Brave in the Attempt


Special Olympians are pictured here at the Minnesota State Special Olympics track competition held in Apple Valley this month.

My parents, nieces and nephews are active in Special Olympics. I have helped coach track and this spring spent the day at a swimming meet for Special Olympians. My niece has special needs and the entire family has become involved – supporting her, coaching the athletes, raising community awareness, organizing events. I have written before that we all have times and places where we KNOW God is. Sure, it is easy to experience God in church on Sunday. But I know, without a doubt, God is on the track at Melrose High School Thursday nights in the spring and summer, working in the lanes at Melrose Bowl each Sunday afternoon and evening in the winter, and is present everywhere these amazing athletes are.

There is a truth and beauty in their smiles. Nothing is hidden or masked. You can see, hear, and feel their joy. Often their spirits soar, filled with genuine excitement, and express it without fear of criticism. They are open about their feelings, not hiding behind pride or fear. They are gifted with the ability to live in the moment.

Their motto, recited before each competition, is “Let me win, but if I cannot win, let me be brave in the attempt.” Loudest cheers are not necessarily for the winner, but for the final person to finish. Because they kept going. They never gave up.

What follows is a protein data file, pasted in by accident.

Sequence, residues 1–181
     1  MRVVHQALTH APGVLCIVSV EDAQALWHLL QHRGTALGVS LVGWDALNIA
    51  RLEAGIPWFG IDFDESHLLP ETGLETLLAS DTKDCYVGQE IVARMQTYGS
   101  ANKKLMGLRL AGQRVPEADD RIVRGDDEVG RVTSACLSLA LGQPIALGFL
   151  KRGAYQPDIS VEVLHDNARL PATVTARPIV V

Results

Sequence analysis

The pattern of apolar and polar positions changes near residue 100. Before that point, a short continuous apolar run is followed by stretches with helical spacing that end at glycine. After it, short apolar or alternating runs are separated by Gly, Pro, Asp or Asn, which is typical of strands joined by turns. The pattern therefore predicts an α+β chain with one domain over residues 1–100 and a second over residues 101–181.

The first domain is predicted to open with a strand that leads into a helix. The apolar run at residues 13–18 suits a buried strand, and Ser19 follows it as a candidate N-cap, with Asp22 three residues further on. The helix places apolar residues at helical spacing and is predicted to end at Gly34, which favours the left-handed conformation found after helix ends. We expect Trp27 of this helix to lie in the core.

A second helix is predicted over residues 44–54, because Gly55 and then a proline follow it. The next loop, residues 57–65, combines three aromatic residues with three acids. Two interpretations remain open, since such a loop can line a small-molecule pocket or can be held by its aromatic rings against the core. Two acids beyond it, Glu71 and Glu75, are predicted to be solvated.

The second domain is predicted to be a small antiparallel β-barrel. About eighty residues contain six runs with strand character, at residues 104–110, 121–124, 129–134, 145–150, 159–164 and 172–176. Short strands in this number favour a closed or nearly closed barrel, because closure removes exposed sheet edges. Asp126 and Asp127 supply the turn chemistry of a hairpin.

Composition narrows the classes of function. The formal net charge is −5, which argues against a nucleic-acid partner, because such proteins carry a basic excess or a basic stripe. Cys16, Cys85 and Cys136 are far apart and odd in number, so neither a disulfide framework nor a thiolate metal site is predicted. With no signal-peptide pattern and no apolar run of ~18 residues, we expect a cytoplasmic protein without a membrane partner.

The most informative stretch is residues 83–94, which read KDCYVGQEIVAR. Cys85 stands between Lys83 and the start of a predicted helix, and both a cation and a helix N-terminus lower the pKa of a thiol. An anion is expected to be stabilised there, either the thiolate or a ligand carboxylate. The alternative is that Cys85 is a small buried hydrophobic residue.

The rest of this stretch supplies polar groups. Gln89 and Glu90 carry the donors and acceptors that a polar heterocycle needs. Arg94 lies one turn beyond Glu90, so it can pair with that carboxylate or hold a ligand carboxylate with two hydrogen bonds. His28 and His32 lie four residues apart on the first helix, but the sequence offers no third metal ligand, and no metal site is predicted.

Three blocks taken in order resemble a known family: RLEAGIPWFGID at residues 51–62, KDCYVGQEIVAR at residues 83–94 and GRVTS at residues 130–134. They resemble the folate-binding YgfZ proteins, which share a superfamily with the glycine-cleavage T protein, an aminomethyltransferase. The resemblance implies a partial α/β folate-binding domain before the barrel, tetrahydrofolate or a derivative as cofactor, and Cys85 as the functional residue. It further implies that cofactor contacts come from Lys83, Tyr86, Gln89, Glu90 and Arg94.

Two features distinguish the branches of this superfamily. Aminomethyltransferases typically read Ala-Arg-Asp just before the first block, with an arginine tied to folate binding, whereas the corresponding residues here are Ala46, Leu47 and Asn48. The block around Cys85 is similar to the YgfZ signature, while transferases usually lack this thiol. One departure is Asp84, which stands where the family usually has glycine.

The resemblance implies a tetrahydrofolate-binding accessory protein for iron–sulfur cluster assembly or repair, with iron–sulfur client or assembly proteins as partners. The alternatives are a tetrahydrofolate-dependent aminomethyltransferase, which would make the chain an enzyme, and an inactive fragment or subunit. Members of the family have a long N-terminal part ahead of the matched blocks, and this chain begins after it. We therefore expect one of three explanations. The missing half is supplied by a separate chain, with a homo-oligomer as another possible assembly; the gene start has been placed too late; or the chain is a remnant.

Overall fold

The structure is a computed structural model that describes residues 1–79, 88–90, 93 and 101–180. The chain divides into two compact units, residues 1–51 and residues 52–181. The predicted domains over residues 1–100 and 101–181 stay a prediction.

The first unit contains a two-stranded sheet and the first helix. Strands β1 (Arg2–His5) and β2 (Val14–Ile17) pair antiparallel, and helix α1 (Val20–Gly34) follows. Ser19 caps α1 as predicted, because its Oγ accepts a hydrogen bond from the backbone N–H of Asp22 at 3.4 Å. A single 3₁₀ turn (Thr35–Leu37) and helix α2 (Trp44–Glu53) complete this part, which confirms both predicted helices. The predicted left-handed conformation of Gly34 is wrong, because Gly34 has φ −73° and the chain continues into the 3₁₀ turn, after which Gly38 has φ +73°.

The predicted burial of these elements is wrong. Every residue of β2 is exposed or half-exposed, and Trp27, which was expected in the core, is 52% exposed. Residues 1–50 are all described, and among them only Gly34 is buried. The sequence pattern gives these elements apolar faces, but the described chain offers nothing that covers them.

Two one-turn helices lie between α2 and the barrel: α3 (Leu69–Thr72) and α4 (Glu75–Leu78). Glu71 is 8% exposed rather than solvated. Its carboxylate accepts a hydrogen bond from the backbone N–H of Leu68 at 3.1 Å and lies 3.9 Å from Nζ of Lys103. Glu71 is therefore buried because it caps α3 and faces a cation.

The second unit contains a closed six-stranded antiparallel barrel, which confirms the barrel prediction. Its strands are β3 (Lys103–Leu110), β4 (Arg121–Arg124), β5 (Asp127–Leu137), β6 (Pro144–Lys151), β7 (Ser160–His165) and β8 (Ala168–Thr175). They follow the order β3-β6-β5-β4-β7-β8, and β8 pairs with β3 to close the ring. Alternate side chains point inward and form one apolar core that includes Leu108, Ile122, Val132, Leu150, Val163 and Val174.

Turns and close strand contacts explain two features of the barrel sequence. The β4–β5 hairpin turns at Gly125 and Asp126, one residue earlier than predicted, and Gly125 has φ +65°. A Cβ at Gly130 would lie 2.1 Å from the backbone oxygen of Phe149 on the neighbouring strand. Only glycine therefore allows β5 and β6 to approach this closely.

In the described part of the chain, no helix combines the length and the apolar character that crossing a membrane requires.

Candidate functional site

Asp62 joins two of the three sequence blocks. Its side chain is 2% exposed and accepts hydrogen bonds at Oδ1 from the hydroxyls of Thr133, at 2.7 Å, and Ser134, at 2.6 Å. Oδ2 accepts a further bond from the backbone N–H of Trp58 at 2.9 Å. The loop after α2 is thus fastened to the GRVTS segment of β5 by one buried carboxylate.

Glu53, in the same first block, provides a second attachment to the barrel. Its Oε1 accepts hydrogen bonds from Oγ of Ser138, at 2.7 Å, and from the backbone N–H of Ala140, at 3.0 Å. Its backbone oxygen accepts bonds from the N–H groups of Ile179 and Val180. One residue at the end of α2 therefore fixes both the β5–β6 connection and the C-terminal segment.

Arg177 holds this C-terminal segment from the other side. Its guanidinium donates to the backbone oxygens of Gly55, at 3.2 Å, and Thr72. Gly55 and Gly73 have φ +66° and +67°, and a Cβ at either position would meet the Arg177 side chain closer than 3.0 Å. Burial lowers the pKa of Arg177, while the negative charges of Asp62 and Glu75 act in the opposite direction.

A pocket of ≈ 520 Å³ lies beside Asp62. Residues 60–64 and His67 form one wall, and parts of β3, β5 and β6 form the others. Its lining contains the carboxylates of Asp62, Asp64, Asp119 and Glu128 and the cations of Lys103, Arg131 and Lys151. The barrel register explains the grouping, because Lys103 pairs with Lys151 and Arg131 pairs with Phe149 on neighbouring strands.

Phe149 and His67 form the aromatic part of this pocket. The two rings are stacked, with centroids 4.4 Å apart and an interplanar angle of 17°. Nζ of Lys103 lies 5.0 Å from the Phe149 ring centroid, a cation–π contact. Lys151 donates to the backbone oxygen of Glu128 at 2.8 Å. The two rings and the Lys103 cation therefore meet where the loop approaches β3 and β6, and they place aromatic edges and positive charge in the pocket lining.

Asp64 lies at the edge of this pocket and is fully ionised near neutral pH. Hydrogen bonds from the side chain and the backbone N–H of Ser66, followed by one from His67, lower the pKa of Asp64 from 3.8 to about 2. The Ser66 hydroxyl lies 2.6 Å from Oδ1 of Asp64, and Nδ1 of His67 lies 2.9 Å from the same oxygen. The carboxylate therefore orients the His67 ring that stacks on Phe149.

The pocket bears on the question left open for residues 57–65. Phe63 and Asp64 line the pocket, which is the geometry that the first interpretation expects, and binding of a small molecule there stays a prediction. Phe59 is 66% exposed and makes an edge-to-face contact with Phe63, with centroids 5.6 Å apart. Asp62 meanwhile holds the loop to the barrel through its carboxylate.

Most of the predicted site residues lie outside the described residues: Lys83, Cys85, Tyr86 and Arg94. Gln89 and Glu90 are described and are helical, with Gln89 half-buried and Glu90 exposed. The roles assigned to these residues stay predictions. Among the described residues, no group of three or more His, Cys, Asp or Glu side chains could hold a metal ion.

It struck me – how do God’s teachings apply? I did some research and found information about the need to understand the teachings regarding salvation and having the ability to repent from sin. But what if you are unable to comprehend the idea of “sin”? Do they live in a special state of grace based on their challenges? These are all profound theological arguments for scholars far above my Catholic understanding/pay grade.

Above, some of the members of the Sauk-Melrose Golden Eagles basketball team show their medals after a competition last winter.

This is what I know. Yes, in church on Sunday, they won’t know the “right” words. (But, who are we to judge? Do we have the revised Nicene creed with “consubstantial with the Father” figured out?) They might not know how to hold their hands or when to bow or genuflect. But are the mechanics, in their cases, that important? Shouldn’t we delight in their presence in our community? What if we all could live that honesty, with our hearts on display?

I found John 9:2-3

His disciples asked him, “Rabbi, who sinned, this man or his parents, that he was born blind?”

“Neither this man nor his parents sinned,” said Jesus, “but this happened so that the works of God might be displayed in him.”

A day with these athletes will show you these works of God. I personally believe we just need to trust God’s plan for them and us. I think they are definitely created by God to teach us all a few things. (And their families teach us about strength and patience – God bless all of you!) They are gifts from God and not condemned, not punishment, not retarded, or any other awful, judgmental description.

God is alive in them! His works are displayed in them! In the Irish language, they use the term “duine le Dia” to describe individuals with mental challenges. It translates to “a person with God.” One night on the track, in the lanes, on the court, or in the pool will show you this is true.

 

Sheila Hellermann is a member of St. Rose of Lima Church in St. Rosa. She works at St. John’s University as a program and department coordinator for several academic departments. Read more about Sheila on the “Meet Our Bloggers” page.

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